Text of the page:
The two neighbors are locked into a decades-old dispute over Nagorno-Karabakh, the mountainous breakaway region located in Azerbaijani territory but populated largely by ethnic Armenians.
Long-standing hostilities erupted 30 years ago when the Soviet Union, to which both countries previously belonged, was dissolved and they've flared up periodically ever since. In 2020, Baku emerged victorious from a six-week war and reasserted control over swaths of the region.
Ever since Baku launched what it described as "anti-terrorist" military activities to restore its sovereignty in the enclave earlier this week, a number of voices in the European Parliament have been calling for the EU to get tougher on Azerbaijan.
In a written statement, four leading EU representatives with senior positions called on member states "to fundamentally reconsider the EU's relations with Azerbaijan in this light, and consider imposing sanctions against responsible Azerbaijani authorities." On Thursday, more than 60 parliamentarians asked for sanctions in a separate statement.
Despite the strong feelings, these elected officials don't have much foreign policy clout. The question is whether those calling the shots, the national EU governments, would really take the plunge, especially since the EU clinched a gas supply deal with Baku last year to help replace direct supplies from Russia.
What role does the EU play in the conflict?
Traditionally, the EU has been a relatively small player compared to Russia, which brokered a peace deal — deemed unfavorable to Armenians — in the 2020 war as well as a cease-fire this week, and Turkey, which is a close ally and economic partner of Azerbaijan, not to mention a major arms supplier.
At present, both Russia and the EU are coordinating separate peace talks between Yerevan and Baku. With Moscow tied up with its full-scale invasion of Ukraine, Baku appears emboldened, analyst Marcel Röthig told DW from Tbilisi, the Georgian capital.
"Turkey sees its role as the new big player in the Caucasus, as the one who's shaping the Caucasus," said Röthig, an analyst from Germany's Friedrich Ebert Foundation. "Azerbaijan feels the backing. And that's why they became much more adventurous than they have been in the years before."
Armenia, along with other post-Soviet states, is in a military alliance with Russia but Prime Minister Nikol Pashinyan has increasingly appealed to the West, including the EU.
What's at stake for the EU?
Earlier this year, the EU set up a civilian mission in Armenia in response to a request from Yerevan, including operations at several points along the border with Azerbaijan.
Its stated goal, according to the website of the EU Mission in Armenia, is "observing and reporting on the situation on the ground; contributing to human security in conflict-affected areas and based on the above, contributing to build confidence between populations of both Armenia and Azerbaijan and, where possible, their authorities."
However, the EU also signed a gas supply deal with Baku last year. European Commission President Ursula von der Leyen even praised authoritarian Azerbaijan as a "crucial partner" in mitigating the energy crisis, despite serious concerns among Western observers about the state of democracy and human rights violation there.
With war already raging in Ukraine and a number of powerful geopolitical players — US, China, Iran and Israel — involved in the Caucasus region, the situation is delicate. "The EU's aim is to have a stable vicinity unthreatened by wars," Czech EU parliamentarian Marketa Gregorova, who sits in the Green group, told DW in a written statement.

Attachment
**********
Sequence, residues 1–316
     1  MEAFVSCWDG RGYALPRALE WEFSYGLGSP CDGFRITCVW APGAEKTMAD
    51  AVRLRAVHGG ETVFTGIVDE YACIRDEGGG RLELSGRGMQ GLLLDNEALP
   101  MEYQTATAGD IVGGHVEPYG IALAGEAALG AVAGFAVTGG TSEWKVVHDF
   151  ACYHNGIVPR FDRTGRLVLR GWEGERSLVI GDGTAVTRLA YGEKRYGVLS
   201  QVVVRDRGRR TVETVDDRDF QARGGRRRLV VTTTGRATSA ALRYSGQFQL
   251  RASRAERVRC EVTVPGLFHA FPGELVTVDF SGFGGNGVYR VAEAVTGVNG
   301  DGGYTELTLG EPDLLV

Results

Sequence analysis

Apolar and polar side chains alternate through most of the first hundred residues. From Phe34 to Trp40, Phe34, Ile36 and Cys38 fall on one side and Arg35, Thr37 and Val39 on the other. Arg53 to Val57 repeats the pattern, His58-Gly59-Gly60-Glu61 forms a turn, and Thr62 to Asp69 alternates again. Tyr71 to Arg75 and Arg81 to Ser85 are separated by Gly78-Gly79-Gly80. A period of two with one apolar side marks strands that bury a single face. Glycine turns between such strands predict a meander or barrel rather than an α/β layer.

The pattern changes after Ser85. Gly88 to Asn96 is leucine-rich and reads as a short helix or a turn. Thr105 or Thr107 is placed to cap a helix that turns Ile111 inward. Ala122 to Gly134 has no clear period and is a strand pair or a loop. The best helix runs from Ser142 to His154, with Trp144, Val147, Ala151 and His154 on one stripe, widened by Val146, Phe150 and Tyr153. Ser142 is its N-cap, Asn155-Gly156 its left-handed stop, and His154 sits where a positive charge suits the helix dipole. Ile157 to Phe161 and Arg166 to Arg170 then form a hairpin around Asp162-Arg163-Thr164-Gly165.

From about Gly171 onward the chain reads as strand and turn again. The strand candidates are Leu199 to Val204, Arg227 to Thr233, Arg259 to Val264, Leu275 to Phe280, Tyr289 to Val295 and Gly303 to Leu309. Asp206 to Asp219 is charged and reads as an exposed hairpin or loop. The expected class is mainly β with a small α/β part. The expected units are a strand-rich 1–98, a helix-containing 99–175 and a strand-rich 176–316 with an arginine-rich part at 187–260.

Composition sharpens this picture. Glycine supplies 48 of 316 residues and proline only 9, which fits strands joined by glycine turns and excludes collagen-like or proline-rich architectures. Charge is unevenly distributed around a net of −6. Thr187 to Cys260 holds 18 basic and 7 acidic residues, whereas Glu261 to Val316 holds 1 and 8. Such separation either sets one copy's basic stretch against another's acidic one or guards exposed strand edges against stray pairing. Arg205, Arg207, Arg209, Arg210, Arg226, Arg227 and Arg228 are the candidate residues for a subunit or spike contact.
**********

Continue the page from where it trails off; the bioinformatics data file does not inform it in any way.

"The EU's strategic interest is for Armenia and Azerbaijan to prosper, to minimize Russian influence in Armenia and the region, help Azerbaijan achieve democracy and to resolve the ongoing decades-long conflict," she added.
Gregorova said she had long called for the EU to play a greater role in mediating long-term peace, but there are risks attached — especially due to the gas deal. "If we get deeply involved in Nagorno-Karabakh, Azerbaijan will have less interest in supplying the EU with energy, at least at current price and conditions," she said.
The solution, she said, is "to concentrate on further diversification of our resources, and a swift one." Sanctions could be an option, but the EU should also look at attaching conditions to the gas agreement, Gregorova said.
What comes next?
With Azerbaijan now claiming control over Nagorno-Karabakh and ethnic Armenian separatist fighters laying down arms, the next concern is the humanitarian situation as well as keeping both sides talking.
Baku is blockading the only road between Nagorno-Karabakh and Armenia, choking supplies to civilians. In the fresh fighting, many ethnic Armenians in Nagorno-Karabakh have fled, leading to accusations of ethnic cleansing.
In a written statement on Tuesday, EU foreign affairs chief Josep Borrell condemned the military escalation and called for "the immediate cessation of hostilities and for Azerbaijan to stop the current military activities."
"There is an urgent need to return to dialogue between Baku and Karabakh Armenians," Borrell said. "This military escalation should not be used as a pretext to force the exodus of the local population."
In Brussels, ambassadors from the EU member states discussed the situation on Wednesday, but only one country showed interest in resorting to sanctions immediately, an EU diplomatic source told DW on condition of anonymity. The focus was on stopping military actions, moving forward through diplomacy and dealing with the humanitarian situation, the source added.
All eyes will be on the Spanish city of Granada in two weeks, where close to 50 European countries are expected for talks in the European Political Community format — including Armenia and Azerbaijan.
Edited by: Martin Kuebler